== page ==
This class-based plugin design created to work for snake_hook was powerful enough that it was integrated into pypanda itself and named "PyPlugins" which means the same Python class can now be used from either PANDA's command line interface with snake_hook or from a PyPANDA script. Since this change has been merged, a number of PyPlugins which were previously only usable from PyPANDA scripts can now be run from the command line thanks to the power of snake_hook. One such example is Luke Craig's live process graph script which we ported to this new system, allowing it to be combined with any PANDA execution, rather than being incompatible with existing pypanda scripts (short of grafting the process list script into your own code).

Rust has been invaluable for snake_hook due to the amazing quality of pyo3 and inline-python, the ease-of-use of interacting with the python interpreter is a breath of fresh air coming from the official CPython API.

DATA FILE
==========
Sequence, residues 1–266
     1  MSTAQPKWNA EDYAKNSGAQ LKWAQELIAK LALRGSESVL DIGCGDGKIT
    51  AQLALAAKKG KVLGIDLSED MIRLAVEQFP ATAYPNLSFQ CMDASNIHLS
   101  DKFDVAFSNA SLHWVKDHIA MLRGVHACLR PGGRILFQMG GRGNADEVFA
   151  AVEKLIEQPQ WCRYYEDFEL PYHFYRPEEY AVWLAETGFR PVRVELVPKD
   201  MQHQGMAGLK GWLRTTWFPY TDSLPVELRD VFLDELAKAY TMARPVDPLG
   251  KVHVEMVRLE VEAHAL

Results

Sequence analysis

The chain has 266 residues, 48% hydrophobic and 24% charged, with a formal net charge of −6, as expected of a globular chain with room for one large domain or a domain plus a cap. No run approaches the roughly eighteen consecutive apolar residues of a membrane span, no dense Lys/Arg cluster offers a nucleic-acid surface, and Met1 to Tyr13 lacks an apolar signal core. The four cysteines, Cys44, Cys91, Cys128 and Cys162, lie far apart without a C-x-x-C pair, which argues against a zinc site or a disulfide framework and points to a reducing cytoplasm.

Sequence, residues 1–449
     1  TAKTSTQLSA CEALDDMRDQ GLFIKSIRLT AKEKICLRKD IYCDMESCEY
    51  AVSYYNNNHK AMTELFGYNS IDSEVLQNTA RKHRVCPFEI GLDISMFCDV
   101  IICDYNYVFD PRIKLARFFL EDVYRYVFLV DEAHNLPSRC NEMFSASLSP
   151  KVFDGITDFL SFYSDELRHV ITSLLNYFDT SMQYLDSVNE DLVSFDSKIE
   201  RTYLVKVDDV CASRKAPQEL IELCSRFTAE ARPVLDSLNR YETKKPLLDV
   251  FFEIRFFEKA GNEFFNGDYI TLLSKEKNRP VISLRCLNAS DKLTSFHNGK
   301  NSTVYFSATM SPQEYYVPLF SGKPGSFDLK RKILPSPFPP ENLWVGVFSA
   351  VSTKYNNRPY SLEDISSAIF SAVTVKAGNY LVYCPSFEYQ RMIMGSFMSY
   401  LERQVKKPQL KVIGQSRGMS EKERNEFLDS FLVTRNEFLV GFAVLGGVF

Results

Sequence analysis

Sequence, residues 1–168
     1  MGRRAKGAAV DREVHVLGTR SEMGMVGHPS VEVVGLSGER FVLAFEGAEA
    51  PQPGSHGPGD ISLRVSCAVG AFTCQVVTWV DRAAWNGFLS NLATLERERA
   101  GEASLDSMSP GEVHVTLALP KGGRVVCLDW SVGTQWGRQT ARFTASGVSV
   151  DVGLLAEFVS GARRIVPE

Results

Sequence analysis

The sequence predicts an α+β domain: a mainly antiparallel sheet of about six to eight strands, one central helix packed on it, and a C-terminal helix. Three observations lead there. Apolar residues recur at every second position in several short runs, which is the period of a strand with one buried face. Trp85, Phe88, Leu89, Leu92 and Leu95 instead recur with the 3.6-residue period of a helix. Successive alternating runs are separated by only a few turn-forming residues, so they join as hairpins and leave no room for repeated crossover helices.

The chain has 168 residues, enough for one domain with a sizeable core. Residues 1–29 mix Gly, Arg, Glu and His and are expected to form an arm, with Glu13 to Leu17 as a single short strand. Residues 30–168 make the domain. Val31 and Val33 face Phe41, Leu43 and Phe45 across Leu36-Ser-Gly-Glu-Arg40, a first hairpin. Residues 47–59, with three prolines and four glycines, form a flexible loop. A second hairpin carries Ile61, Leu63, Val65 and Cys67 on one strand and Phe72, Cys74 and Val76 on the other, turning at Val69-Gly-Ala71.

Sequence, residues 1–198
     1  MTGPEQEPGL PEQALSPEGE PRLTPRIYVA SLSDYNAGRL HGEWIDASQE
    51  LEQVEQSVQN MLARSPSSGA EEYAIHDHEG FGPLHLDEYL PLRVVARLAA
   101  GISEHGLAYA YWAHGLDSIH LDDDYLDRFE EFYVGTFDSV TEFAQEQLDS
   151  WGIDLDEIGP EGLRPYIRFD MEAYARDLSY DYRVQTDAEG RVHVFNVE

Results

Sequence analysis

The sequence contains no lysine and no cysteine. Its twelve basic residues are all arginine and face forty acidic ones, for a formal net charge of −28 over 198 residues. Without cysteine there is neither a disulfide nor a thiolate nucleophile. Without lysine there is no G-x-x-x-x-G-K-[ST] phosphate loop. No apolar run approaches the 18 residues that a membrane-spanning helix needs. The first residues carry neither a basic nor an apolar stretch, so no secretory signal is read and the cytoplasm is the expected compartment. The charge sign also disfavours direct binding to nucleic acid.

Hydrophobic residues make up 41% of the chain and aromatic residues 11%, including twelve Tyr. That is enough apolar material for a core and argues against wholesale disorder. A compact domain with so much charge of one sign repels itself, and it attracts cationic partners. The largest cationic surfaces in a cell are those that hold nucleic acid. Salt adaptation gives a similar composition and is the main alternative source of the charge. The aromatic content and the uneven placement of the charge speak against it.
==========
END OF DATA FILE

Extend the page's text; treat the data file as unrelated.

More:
If you're intersted in learning more about pyplugins we plan on writing a follow-up blogpost going into more detail about them, follow our twitter for when that's posted.


Another plugin of ours, panda-gdb, takes advantage of Rust's strong ecosystem and concurrency guarantees in order to create a hypervisor-level debugger with process-level semantics. It uses the gdbstub crate in order to provide a standard remote debugging interface, allowing it to support various CLIs, IDA, and GHIDRA without having to deal with the pain of writing our own GDB server implementation. Compared to existing options for providing a GDB stub, this has been an extremely pleasant experience, and I highly recommend anyone working in either embedded or emulation tooling check it out.

One feature panda-gdb has also been able to provide over the existing QEMU GDB stub (which has limited ability to take advantage of OS semantics) and in-guest GDB (which often requires too much per-target effort and cross-compilation troubles) is the ability to expose PANDA-specific features to a debugging context. This is done via GDB 'monitor commands', which allows for providing commands that extend GDB.